HP Debuts Omni 100 And TouchSmart 310 AIO PCs Along With New tm2 Notebook
Let's get started with the big fella: the all new TouchSmart 310 all-in-one PC. This is HP's all-out assault on Apple's iMac, and the new 310 is looking sharper than ever. This one is a 20" machine, aimed at smaller bedrooms, college dorms, etc. It has a 1600x900 touch panel, Windows 7 Home Premium 64-bit and a 2.8GHz processor. But it's not an Intel chip; there's an AMD Athlon II 240e dual-core CPU in here. It also ships with 4GB of DDR3 SDRAM, 1TB of hard drive space, a slim-tray DVD SuperMulti drive, ATI Radeon HD 4270 integrated graphics, Gigabit Ethernet, integrated Bluetooth, 802.11b/g/n Wi-Fi and a built-in HDTV tuner (a nice touch!). The machine also includes a wireless keyboard and optical mouse, with a starting price of $699.99 and a ship date of late September.
Next, there's the HP Omni 100, a new kind of all-in-one PC that tries to put simple, first. This model also shares the 20" footprint with a 1600x900 touch panel, along with Windows 7 Home Premium 64-bit, a 1.8GHz Athlon II 260u dual-core processor, 3GB of DDR3 memory, a 500GB 7200RPM drive, DVD burner, ATI Radeon 4270 integrated graphics, Wi-Fi, inbuilt speakers, and a bundled keyboard/mouse. The price here starts at $499.99 with planned availability later this month.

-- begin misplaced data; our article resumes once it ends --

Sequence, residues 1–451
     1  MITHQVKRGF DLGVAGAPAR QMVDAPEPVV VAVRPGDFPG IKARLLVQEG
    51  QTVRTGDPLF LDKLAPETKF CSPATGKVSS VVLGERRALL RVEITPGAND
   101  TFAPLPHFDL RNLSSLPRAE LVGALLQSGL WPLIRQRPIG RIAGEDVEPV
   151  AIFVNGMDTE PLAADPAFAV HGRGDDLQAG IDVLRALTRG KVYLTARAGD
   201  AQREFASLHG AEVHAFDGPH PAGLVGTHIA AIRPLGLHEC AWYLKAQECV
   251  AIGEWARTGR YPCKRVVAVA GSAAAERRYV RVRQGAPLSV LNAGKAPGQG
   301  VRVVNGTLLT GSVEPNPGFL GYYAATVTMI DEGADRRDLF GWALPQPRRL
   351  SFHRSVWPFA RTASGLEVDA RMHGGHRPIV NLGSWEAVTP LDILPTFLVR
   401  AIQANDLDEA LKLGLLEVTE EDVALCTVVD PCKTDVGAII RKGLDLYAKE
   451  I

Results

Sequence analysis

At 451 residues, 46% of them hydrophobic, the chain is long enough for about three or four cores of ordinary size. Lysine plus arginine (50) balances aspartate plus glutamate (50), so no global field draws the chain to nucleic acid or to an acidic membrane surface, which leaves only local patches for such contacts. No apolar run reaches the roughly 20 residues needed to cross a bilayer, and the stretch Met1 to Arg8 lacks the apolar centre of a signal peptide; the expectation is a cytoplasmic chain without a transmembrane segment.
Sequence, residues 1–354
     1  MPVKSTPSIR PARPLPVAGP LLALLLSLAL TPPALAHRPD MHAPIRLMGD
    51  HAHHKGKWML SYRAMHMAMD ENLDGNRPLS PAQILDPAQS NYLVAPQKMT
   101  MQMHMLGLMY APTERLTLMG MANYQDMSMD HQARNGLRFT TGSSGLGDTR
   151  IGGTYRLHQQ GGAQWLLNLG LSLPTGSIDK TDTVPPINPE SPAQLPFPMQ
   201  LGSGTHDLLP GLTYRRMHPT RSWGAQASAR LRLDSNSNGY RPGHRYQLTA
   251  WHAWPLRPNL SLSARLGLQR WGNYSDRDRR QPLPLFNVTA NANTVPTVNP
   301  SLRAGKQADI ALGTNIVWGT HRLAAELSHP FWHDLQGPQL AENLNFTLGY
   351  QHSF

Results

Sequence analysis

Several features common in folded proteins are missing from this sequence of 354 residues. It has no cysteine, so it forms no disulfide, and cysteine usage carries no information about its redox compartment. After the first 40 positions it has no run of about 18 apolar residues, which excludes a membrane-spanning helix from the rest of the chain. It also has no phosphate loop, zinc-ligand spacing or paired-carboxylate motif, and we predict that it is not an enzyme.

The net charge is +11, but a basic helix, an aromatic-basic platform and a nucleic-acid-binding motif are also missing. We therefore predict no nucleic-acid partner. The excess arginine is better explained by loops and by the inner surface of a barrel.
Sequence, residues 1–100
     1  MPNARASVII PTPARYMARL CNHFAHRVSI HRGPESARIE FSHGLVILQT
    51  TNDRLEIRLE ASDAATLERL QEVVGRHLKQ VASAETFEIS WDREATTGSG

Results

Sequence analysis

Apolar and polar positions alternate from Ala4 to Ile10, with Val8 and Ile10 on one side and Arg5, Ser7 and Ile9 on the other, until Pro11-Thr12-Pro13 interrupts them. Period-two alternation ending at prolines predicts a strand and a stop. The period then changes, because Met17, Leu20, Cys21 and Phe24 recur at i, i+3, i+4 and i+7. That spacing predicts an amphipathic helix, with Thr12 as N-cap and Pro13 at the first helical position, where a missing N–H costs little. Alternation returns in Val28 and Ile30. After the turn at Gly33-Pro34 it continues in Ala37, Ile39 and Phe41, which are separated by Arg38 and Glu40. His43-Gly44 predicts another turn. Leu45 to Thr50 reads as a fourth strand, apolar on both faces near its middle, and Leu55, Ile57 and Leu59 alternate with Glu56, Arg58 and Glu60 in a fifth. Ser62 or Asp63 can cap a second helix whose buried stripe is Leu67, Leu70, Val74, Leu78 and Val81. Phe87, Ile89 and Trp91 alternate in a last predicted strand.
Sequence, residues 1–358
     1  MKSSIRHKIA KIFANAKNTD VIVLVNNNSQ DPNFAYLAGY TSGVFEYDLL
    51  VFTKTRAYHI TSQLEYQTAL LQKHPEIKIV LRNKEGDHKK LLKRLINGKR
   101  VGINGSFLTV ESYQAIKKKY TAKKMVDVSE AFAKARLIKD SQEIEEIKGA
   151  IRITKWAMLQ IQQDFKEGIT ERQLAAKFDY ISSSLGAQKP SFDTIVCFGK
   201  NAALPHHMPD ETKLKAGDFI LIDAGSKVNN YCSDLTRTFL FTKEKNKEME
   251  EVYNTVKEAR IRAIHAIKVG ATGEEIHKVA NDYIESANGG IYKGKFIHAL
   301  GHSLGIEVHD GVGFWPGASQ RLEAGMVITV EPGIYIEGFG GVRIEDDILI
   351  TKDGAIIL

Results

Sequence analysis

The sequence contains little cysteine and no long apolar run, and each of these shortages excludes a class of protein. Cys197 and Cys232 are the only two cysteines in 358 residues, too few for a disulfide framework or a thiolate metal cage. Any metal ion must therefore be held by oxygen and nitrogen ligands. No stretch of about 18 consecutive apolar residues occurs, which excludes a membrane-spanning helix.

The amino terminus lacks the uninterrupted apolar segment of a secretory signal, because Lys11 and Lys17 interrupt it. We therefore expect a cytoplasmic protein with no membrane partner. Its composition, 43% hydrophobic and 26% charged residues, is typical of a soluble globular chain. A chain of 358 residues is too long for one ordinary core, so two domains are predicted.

Finally, the TouchSmart tm2, which is one HP's most famous notebooks of late, has been revised. It's a 12.1" multi-touch machine, but it's now available with Core i3 and Core i5 CPU choices along with AMD Mobility Radeon HD 5450 switchable graphics. The LCD swivels to convert it into a tablet PC, while Windows 7 Home Premium 64-bit is the OS of choice. It also ships with a 500GB hard drive, Gigabit Ethernet, 802.11b/g/n Wi-Fi, 5-in-1 card reader, three USB 2.0 ports and a full-size keyboard. The tm2 will sell for $829.99 and up, with the new models shipping in late October.
In software news, HP is also launching their TouchSmart Apps Center, which will be available soon via an icon on the TouchSmart Carousel. It provides one-click (we mean, one-touch) access to free and subscription-based apps from companies who are creating touch-friendly programs. We can't overstate how badly this has been needed. Each time we review a touch panel AIO PC, we always struggle to find enough software that's touch-friendly. In the end, we never use the touch screen enough. But a touch-based app store could certainly change that, and we hope it does.